Satellite imagery has uncovered new evidence of a lost civilisation of the Sahara in Libya’s south-western desert wastes that will help re-write the history of the country.
The fall of Gaddafi has opened the way for archaeologists to explore the country’s pre-Islamic heritage, so long ignored under his regime.
Using satellites and air-photographs to identify the remains in one of the most inhospitable parts of the desert, a British team has discovered more than 100 fortified farms and villages with castle-like structures and several towns, most dating between AD 1-500.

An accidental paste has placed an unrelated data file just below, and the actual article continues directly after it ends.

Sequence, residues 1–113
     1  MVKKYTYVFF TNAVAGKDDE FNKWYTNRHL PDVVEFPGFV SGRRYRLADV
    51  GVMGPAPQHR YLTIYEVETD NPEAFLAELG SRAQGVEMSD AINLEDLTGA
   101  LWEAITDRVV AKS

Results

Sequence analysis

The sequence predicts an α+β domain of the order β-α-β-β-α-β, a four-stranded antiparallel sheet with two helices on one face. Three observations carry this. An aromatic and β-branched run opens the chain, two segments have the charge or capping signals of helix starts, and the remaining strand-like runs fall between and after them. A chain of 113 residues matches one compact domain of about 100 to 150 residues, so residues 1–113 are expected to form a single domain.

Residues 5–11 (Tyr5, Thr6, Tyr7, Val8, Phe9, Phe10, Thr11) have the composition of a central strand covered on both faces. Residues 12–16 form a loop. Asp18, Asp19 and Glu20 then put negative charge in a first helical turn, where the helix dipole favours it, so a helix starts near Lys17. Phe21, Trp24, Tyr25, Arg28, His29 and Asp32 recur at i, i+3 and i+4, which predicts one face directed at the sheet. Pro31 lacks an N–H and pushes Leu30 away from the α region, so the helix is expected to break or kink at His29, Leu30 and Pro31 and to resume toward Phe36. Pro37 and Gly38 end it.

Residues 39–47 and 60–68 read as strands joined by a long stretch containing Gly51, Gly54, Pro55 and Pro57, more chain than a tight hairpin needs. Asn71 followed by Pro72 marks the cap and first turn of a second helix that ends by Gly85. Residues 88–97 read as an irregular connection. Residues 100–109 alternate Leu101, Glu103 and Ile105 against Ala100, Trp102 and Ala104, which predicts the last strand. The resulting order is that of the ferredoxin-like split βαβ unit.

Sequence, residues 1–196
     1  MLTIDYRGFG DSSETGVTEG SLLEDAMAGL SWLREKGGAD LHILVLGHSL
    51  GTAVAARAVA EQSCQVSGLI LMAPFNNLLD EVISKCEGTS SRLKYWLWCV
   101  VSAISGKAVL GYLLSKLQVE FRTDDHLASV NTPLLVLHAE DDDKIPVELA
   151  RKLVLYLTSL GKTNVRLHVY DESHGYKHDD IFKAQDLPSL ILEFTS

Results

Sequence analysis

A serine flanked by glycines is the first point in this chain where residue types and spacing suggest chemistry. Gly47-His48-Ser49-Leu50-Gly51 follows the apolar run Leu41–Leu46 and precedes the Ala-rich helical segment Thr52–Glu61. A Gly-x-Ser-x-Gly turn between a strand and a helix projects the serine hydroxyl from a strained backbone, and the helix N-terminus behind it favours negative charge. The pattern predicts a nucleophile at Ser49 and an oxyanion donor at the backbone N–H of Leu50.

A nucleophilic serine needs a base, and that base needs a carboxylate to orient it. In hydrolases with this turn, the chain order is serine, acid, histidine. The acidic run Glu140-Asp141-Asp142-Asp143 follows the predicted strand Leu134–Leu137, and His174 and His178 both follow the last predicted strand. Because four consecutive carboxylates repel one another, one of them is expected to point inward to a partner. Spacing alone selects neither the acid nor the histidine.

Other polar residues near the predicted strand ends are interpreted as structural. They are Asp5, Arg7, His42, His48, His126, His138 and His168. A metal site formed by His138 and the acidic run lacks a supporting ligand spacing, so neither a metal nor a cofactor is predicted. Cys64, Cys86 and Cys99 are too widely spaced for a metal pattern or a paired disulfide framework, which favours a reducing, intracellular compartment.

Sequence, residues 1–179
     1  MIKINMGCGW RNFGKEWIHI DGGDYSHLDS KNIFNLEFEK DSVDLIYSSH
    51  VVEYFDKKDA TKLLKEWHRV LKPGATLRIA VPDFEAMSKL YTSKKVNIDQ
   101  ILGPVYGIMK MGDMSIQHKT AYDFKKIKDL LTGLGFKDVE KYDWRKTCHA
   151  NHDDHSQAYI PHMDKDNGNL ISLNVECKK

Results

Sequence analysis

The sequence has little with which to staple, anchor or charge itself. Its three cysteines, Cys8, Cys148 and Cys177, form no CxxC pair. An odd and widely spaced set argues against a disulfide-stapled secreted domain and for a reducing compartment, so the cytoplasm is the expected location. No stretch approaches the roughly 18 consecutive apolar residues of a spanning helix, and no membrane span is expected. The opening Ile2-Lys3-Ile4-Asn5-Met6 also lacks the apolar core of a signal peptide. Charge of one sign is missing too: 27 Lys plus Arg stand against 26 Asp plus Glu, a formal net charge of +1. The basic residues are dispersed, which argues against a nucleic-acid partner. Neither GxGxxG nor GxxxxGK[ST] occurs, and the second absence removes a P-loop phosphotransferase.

These “lost cities” were built by a little-known ancient civilisation called the Garamantes, whose lifestyle and culture was far more advanced and historically significant than the ancient sources suggested.
The team from the University of Leicester has identified the mud brick remains of the castle-like complexes, with walls still standing up to four metres high, along with traces of dwellings, cairn cemeteries, associated field systems, wells and sophisticated irrigation systems. Follow-up ground survey earlier this year confirmed the pre-Islamic date and remarkable preservation.
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